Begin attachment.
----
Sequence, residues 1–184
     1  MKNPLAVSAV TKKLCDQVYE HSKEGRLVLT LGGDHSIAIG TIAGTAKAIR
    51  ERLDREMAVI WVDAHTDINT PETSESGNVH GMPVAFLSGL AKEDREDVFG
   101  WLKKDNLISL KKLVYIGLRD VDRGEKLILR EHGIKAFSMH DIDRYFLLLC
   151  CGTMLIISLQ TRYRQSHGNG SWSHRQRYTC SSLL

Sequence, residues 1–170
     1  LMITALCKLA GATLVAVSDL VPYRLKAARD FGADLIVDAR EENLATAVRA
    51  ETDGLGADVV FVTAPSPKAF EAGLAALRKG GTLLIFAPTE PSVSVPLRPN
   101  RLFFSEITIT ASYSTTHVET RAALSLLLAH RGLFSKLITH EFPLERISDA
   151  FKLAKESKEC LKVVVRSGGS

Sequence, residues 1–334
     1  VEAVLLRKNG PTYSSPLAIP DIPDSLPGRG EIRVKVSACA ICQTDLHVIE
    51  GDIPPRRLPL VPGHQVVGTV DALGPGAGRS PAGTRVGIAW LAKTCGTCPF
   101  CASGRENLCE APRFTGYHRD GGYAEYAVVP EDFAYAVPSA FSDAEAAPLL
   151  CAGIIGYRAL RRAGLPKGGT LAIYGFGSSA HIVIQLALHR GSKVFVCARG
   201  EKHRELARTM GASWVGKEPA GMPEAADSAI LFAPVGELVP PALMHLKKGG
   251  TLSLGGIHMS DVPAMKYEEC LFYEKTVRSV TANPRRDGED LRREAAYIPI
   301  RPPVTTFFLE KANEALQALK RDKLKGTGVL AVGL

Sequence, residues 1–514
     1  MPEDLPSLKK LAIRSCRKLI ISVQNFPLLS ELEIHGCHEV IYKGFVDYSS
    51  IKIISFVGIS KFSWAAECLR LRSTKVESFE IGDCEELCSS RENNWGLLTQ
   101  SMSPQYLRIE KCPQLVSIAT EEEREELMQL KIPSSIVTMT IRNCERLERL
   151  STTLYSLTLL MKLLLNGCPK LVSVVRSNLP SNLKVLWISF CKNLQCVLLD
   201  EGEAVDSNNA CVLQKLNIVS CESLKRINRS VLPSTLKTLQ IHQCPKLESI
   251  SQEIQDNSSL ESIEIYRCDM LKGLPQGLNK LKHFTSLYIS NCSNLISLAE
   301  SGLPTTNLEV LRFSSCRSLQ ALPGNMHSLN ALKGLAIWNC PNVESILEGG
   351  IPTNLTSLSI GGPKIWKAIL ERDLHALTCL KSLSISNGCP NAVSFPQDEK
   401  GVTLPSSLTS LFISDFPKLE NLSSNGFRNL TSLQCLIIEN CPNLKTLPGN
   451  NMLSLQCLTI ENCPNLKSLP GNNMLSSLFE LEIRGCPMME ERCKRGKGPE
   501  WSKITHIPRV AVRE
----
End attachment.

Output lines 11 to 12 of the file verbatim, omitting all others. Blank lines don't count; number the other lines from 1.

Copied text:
Sequence, residues 1–334
     1  VEAVLLRKNG PTYSSPLAIP DIPDSLPGRG EIRVKVSACA ICQTDLHVIE